Good design in the details

Sisters Yang Chun Chun and Yang Yun Han say they both like outfits, but even after living through years of changing fashions, still have trouble finding styles that suit their small physiques. They began learning patternmaking and then invested their hopes and ideas into their C+H brand. Their style focuses on strong colors—black, white and gray—and irregular, geometric trims, giving a sense of soft exteriors hiding strength within, and creating different looks from the front, back and sides.

The edges of C+H’s clothing are first flattened, hemmed using an overlock to prevent fraying, then sewn again. It makes a sturdier hem than that on mass-­produced clothing, for which the stitching processes are combined to save time.

The value of a designer’s brand is determined by the meticulousness of its craft and the uniqueness of its designs. ­Chang notes that the creases in her skirt-style bags are created by hand. She explains that making them quickly with a machine would make the fabric too flat and eliminate the bags’ “fluffy” feel. She has applied for a patent on her creasing method.

Taiwan has myriad creative and cultural brands, all developing their own visions of the industry. Tai­chung’s geographic advantages and the city government’s program to cultivate creative young entrepreneurs are invigorating the city’s creative and cultural scene. And with young designers communicating with one another and becoming inspired, that scene is flourishing.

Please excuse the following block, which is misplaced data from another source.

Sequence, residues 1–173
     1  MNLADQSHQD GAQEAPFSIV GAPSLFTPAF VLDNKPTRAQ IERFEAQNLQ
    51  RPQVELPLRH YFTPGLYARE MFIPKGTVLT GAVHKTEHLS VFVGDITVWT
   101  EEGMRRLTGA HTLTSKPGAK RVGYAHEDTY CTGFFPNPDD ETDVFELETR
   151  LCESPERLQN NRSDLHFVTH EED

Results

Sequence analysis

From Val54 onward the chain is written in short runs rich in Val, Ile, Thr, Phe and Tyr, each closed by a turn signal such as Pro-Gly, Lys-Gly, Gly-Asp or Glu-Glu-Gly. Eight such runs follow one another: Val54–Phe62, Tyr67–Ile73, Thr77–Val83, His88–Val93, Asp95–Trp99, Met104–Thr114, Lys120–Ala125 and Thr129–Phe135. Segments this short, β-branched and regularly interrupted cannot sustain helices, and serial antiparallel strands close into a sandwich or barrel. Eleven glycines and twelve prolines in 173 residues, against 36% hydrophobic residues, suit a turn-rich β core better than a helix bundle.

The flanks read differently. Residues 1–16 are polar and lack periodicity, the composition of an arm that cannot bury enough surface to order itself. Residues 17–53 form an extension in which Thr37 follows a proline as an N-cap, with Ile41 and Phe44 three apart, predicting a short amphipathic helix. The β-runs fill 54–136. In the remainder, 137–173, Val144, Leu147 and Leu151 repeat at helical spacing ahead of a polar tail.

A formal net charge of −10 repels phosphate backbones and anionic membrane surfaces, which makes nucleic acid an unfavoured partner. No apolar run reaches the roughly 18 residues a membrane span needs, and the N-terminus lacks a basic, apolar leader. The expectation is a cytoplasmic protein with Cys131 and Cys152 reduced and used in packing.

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文‧蘇俐穎 圖‧林旻萱







至於「Vingt Six」創辦人張珮,原本僅是出於個人需求,動手製作一款外柔內剛的紗裙造型的側背包,由此因緣際會走上擺攤、趕市集的路,並結識了一批相同領域的年輕設計師,從交換想法、情報,到分租工作室、相約參加海外市集,甚至在2016年年底,與「C+H」創辦人楊淳淳、楊勻涵姊妹,合資開設設計師商品店「女子事務所」。店內販售包含Vingt Six、C+H在內,共10個台灣設計師品牌的商品。雖然張珮說:「國外常見包包、帽子專賣店,但聯合販售較符合台灣人的購物習慣,除了可以吸引客人停留,不同品項但調性相近的商品,可以相互加分。」但在這背後,無不是設計師的情義相挺。









Vingt Six最具代表性的包款,就是以台灣製的素色密雪紡做成,老家就在紡織業大本營彰化和美的她,只要出國旅行都會到布市考察,兜轉了一大圈,還是覺得自己家鄉的布料最合用。她說:「裙包主要使用柔軟度較高的密雪紡,就算摺到也不容易起皺;並且,因為針數夠高,若是勾到了,只要稍微修剪、拉一拉就可以復原,不會像一般雪紡紗,一勾到就整片裂開。」許多港澳旅客特地到台灣帶貨,她示範包包的收納法,經過摺疊後重新展開,果真不留痕跡。





台中の路地裏に デザインと工芸が生む輝き

文・蘇俐穎 写真・林旻萱  翻訳・松本 幸子

創造性と商業的価値の間でいかにバランスをとる か、それは多くのデザイナーが避けては通れない問題だ。しかし、人件費や賃貸料の安い台中では、そうしたプレッシャーは台北ほどではなく、実験を試みる余地が大きいので、若いデザイナーたちはここを起業の地に選ぶ。路地裏の民家を借りた、オリジナルでクリエイティブなショップがここに集まり、互いに刺激を与え合っている。






一方、「Vingt Six」を創立した張珮は、もとは自分のためにとシフォンでスカート風のバッグを作ったのが始まりだった。それを露天で売るようになり、市場にも出店して、同業の若いデザイナーたちと知り合った。彼らと考えや情報を交換し、共同で工房を借りたり、海外のマーケットにも出店したりした後、2016年末に「C+H」創設者の楊淳淳と楊勻涵の姉妹とともに、デザイナーズブランドの店「女子事務所」を立ち上げた。店内にはVingt Six、C+Hを含め、10の台湾デザイナーズブランドの商品が並ぶ。張珮は「海外ではバッグや帽子を専門に扱う店が多いですが、台湾人の消費習慣に合ったものを売る店なら各種製品をいっしょに扱っても客は足を止めてくれます」と言う。だが、それはもちろん、デザイナー同士の絆に支えられている。








そこからVint Sixを代表する商品、メイドイン台湾の無地シフォン・バッグが生まれた。紡織業の盛んな彰化和美出身の彼女は、海外旅行の際には必ず布市場に足を運ぶが、布地はやはり故郷のものが最高だと言う。「バッグには目の細かいシフォンを使います。皺になりにくく、引っかけても引っ張って形を整えれば戻ります。普通のシフォンなら破れますが」という。香港やマカオからわざわざ買いに来る人もいるほどだ。彼女はシフォン・バッグの畳み方を教えてくれた。なるほど、畳んだ後また広げても跡が残らない。